Needham, Alicia Adelaide (1863–1945), musician and composer, was born Alicia Adelaide Montgomery in Co. Meath, daughter of John Wilson Montgomery (c.1834–1911); she spent most of her childhood at the family home in Downpatrick, Co. Down. Educated at Victoria College, Londonderry, she entered the Royal Academy of Music in London, where she studied pianoforte, harmony, and counterpoint. Graduating in 1887, she became a licentiate of the academy two years later. An accomplished pianist, she pursued a career as a music teacher while continuing to give public recitals. In August 1892 she married Joseph Needham, a successful London doctor who specialised in anaesthesia. Continuing to give piano recitals after her marriage, in 1893 she passed the examination to become an associate of the Royal College of Music.
It was only in 1896 that she established herself as a composer of some repute. Some of her work, which consisted chiefly of songs, was performed publicly and she had a major success with ‘An Irish lullaby’. This encouraged her to continue composing and she also began publishing her compositions. For six successive years she was a prizewinner at the Feis Ceoil competition for her Celtic songs and in 1902 she won the earl of Mar's £100 prize for writing the best composition in honour of the coronation of King Edward VII. Entitled ‘The seventh English Edward’, it had words by Harold Begbie. In 1906 Needham became the first woman president of the Royal National Eisteddfod of Wales. During the first world war she served with the Red Cross as a searcher for the wounded and missing, and in recognition of her efforts she was included on the roll of honour at St James's Palace. During this period she also became the first woman to conduct at the Royal Albert Hall when she led the band of the Irish Guards.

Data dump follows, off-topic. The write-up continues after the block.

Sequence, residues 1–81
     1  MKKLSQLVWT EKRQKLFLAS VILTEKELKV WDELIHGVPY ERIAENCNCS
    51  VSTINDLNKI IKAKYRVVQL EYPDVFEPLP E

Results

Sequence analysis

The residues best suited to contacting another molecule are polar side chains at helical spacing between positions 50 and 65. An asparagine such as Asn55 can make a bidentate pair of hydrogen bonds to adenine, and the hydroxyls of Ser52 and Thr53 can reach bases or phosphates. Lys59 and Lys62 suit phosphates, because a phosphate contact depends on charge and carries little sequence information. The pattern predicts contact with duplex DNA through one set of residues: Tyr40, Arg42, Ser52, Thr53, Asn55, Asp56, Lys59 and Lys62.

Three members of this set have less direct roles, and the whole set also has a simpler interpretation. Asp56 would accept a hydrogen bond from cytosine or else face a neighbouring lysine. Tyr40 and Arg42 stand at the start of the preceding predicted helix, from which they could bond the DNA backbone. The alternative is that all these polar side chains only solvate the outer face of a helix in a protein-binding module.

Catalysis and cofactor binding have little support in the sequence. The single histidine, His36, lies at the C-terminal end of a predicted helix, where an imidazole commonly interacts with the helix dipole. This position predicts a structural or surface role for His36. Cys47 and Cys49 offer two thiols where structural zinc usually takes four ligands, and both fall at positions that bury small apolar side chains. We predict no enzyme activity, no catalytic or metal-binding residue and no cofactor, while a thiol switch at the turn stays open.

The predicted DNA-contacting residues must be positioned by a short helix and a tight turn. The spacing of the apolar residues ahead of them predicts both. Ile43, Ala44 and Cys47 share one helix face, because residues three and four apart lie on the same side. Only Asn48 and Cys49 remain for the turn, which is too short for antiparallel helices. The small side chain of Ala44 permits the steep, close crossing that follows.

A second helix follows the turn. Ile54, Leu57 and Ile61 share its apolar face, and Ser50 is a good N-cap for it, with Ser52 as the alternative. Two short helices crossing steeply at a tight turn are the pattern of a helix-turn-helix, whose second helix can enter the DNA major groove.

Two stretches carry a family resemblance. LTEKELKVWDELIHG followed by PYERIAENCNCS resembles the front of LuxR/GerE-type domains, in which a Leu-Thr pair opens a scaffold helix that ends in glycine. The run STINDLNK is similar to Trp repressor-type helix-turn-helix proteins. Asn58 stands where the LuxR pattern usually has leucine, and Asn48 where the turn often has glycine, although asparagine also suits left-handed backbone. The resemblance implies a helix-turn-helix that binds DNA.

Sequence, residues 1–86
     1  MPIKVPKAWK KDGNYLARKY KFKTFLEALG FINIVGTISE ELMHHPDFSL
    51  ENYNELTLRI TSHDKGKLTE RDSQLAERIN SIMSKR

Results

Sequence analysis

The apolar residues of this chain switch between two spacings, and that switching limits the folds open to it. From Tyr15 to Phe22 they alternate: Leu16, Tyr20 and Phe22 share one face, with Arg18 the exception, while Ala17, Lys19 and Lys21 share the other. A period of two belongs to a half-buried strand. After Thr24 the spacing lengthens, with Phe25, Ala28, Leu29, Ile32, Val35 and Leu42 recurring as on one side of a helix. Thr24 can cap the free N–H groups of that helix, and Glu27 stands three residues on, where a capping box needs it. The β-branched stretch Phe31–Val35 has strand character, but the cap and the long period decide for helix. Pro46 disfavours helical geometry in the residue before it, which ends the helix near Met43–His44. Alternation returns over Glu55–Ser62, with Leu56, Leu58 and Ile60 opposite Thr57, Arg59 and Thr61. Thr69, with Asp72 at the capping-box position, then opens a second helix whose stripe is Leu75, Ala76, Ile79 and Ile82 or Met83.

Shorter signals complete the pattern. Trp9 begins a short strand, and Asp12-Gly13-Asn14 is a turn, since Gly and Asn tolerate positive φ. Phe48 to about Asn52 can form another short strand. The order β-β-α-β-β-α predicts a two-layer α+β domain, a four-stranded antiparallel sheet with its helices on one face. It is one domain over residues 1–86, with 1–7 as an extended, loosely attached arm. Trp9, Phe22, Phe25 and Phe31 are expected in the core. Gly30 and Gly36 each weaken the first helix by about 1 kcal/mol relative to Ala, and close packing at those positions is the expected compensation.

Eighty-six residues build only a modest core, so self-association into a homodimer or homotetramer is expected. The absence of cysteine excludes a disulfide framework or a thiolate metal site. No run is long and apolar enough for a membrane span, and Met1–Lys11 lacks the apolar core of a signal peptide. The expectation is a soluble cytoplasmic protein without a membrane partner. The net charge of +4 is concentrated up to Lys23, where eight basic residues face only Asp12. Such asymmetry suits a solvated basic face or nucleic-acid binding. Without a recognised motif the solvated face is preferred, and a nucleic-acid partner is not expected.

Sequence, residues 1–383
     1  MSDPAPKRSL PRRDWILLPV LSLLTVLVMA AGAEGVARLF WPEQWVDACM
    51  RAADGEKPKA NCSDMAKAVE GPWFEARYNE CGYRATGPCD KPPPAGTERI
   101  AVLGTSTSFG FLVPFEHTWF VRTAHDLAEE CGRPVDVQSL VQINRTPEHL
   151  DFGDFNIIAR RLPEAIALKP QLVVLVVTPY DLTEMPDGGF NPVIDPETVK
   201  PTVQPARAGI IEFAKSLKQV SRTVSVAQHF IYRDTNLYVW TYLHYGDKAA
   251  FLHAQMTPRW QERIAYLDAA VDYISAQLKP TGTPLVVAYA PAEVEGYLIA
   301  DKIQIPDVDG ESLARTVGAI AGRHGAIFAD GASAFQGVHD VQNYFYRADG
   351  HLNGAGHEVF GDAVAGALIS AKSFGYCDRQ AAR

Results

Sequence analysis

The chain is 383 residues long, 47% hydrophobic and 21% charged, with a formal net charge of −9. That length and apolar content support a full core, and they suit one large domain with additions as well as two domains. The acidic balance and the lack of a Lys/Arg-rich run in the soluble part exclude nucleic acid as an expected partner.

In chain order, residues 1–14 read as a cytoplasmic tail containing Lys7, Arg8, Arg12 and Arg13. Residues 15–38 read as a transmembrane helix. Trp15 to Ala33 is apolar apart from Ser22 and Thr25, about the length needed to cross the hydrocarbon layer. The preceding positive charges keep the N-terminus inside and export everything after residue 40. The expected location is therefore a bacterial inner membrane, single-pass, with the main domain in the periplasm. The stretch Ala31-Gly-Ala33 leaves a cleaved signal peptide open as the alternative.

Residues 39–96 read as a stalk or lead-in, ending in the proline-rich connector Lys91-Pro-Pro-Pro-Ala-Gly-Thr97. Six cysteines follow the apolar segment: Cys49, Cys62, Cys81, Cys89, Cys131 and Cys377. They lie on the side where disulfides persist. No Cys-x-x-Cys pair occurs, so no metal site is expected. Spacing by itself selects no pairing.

After an illness, she died 24 December 1945. In a prolific career she published about 400 songs including ‘Husheen’ and ‘My dark Rosaleen’; and some piano solos, duets, quartets and hymns. Some of her most famous collections included ‘12 ballads for bairns’ (1900), ‘12 lyrics for lovers’ (1902), and ‘12 small songs for small people’ (c.1907). Sir Arthur Conan Doyle was impressed with her work and wrote lyrics specially for her war collection, ‘Seven songs for soldiers’. Her marriage was not happy. She had one son, Noel Joseph Terence Montgomery Needham (1900–95), who was born in London. He became a distinguished scientist and historian, best known for his collaboration on Science and civilisation in China (1954), and his work as a biochemist; he was master of Gonville and Caius College, Cambridge (1966–76). Because of his stature, the private papers of Alicia Needham, including her correspondence, diaries, and biographical information, were catalogued by the National Cataloguing Unit for the Archives of Contemporary Scientists at the University of Bath; they are now deposited at the University of Cambridge, and include her autobiography, ‘A daughter of music’, and her diaries for the period 1879–1924.